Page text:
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    Ohio AG: A Person may Simultaneously Serve as County Engineer and Member of the Board of Directors of a Conservancy District in that County

    Reprinted from the October 2013 BrickerConstructionLaw.com Newsletter
    Download the complete October 2013 BCL issue

    In January 2013, the Ohio Attorney General (“OAG”) issued advisory opinion 2013 Op. Att’y Gen. No. 002, determining that a person may simultaneously serve as a county engineer and a member of the board of directors of a conservancy district with territory in the same county, with some limitations. OAG opinions are recommendations of the law and while they are not binding law, the opinion would be persuasive in court.

    The OAG determined that whether a person may serve concurrently in two public positions is dependent upon an analysis of seven “compatibility factors”:

    1. Whether either position is a classified employment under R.C. 124.57;
    2. Whether a constitutional provision or statute prohibits holding both positions at the same time;
    3. Whether one position is subordinate to, or in any way a check upon, the other;
    4. Whether it is physically possible for one person to discharge the duties of both positions;
    5. Whether there is an impermissible conflict of interest between the two positions;
    6. Whether there are local charter provisions, resolutions, or ordinances that are controlling; and
    7. Whether there are federal, state, or local departmental regulations applicable.

    In analyzing these factors, the OAG first found that neither position is a classified employment under R.C. 124.57. This statute prohibits an officer or employee in the classified service of the state, counties, cities, school districts and civil service townships from holding partisan political positions.

    However, a county engineer is an elected official in the unclassified civil service and is therefore not subject to R.C. 124.57. Furthermore, members of conservancy district boards of directors are not subject to 124.57 because they are not in the service of the state or any county, city, school district or civil service township. Rather, they are distinct political subdivisions created to solve water quality management problems.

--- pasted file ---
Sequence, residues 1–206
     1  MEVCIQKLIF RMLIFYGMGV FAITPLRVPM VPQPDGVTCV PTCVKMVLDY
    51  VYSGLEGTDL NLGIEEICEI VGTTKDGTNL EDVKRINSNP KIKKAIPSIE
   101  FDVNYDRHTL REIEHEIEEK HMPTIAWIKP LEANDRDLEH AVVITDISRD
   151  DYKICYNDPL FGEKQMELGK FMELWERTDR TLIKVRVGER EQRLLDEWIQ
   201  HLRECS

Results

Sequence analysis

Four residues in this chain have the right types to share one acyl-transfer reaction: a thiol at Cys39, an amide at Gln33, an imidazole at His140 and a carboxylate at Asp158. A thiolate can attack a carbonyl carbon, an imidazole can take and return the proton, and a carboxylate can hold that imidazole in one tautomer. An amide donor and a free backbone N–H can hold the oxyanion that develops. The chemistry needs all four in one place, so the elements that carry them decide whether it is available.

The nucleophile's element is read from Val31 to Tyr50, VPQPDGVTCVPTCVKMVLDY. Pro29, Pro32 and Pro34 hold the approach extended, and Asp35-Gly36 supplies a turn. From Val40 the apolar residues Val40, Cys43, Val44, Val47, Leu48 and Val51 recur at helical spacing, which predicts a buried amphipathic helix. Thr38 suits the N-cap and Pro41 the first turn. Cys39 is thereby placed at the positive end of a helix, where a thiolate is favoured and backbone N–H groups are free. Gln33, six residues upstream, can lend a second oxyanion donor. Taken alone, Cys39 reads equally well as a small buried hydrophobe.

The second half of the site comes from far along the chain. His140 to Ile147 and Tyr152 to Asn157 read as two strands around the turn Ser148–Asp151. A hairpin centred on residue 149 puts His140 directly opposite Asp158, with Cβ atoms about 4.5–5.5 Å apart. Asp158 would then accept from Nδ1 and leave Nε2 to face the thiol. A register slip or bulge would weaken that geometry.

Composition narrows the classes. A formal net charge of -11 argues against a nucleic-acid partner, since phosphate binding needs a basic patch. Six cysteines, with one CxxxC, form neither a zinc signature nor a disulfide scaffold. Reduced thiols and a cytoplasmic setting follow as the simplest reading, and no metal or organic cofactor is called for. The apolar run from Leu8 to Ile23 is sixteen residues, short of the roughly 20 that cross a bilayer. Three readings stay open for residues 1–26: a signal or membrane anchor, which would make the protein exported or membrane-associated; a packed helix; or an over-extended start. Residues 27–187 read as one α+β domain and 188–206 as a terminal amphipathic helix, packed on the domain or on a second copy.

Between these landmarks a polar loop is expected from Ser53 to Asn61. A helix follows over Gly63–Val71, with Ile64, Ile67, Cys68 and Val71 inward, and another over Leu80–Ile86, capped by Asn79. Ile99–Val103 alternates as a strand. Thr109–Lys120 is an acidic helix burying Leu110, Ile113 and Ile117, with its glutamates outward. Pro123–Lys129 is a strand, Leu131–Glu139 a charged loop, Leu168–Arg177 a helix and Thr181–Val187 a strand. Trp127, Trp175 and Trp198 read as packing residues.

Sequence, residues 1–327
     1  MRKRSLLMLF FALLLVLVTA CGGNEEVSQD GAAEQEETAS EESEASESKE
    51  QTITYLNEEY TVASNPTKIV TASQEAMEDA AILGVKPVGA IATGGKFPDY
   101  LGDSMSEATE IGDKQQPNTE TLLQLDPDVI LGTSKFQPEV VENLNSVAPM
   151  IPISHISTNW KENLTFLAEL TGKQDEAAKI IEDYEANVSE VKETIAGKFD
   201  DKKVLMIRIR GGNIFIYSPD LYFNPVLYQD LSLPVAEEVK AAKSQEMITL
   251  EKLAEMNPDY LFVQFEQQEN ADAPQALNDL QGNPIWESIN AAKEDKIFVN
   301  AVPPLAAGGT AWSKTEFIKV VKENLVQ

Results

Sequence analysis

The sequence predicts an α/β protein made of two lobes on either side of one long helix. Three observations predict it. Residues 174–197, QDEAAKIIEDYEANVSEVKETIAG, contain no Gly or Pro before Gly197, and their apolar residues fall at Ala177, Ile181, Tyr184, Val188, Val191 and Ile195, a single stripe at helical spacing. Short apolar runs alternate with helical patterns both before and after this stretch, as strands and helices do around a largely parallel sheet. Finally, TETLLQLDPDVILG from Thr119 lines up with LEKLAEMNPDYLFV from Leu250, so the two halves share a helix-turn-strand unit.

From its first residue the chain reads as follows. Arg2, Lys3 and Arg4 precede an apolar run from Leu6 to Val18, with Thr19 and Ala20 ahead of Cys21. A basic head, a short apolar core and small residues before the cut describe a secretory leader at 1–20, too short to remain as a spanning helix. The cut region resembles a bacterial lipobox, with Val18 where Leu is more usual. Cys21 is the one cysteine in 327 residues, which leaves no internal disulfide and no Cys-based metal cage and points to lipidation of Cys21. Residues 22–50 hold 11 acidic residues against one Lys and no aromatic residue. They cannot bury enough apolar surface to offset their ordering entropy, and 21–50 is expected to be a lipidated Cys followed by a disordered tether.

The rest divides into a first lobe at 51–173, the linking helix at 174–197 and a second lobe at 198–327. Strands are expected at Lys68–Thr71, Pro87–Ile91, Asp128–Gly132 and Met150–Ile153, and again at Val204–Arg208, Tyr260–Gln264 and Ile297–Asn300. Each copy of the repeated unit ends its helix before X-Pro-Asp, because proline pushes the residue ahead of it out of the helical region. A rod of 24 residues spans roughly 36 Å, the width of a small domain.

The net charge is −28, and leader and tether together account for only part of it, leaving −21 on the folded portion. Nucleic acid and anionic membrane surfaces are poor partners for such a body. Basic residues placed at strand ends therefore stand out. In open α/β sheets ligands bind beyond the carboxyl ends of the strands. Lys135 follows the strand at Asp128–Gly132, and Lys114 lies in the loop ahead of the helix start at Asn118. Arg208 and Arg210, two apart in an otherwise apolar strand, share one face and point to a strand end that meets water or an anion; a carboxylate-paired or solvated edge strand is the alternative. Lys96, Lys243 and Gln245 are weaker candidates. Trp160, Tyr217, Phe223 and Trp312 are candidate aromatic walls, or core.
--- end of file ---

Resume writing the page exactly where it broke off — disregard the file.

The OAG also determined that no constitutional provision or statute disallows the simultaneous holding of a board membership of a conservancy district and the position of county engineer.

    Next, the OAG found that the positions of county engineer and board member of a conservancy district operate independently of one another. A county engineer is an elected official responsible to the electorate of the county, whereas, members of the board of directors of a conservancy district are appointed by the conservancy court, consisting of one common pleas judge for each county with territory in the district.

    The positions in no way supervise one another, are in no way responsible for appointing or removing one another, and are otherwise not subordinate to or are a check upon one another. The OAG advised that local officials should determine whether it is physically possible for one person to perform the duties of both positions. If a person chooses to serve simultaneously, they must be certain that they are able to discharge the duties in both positions in a timely and competent manner.

    The OAG then noted that a person may not serve simultaneously in two positions if doing so would subject him or her to divided loyalties, conflicting duties or any other act outside the public interest. So, in order to determine whether a conflict of interest would exist, the OAG reviewed the powers, duties, and responsibilities of both the county engineer and board members of a conservancy district.

    The OAG determined that while some responsibilities of the two positions may overlap, this would not be a regular occurrence. Additionally, because a county engineer would have the ability to abstain from any matter that conflicts with his position as a board member of a conservancy district, the OAG determined that conflicts can be easily avoided.

    Finally, if a local resolution, ordinances or departmental regulation exist prohibiting the holding of these positions simultaneously, the OAG determined that it would be up to the local officials to resolve the incompatibility.

    Accordingly, the OAG determined that a person may serve as both county engineer and member of the board of directors of a conservancy district that has territory in that county. However, he recommended the following limitations: as a conservancy board member, an individual may not participate in negotiations, discussions, other deliberations or votes relating to his or her duties as county engineer; and, as county engineer, he or she may not participate in any review, evaluation or approval of conservancy district plans or improvements or exercise any powers or duties of the conservancy district under an agreement between the county and the conservancy district.

    Special thanks to summer associate Rachel Lusk for her assistance in preparing this summary.

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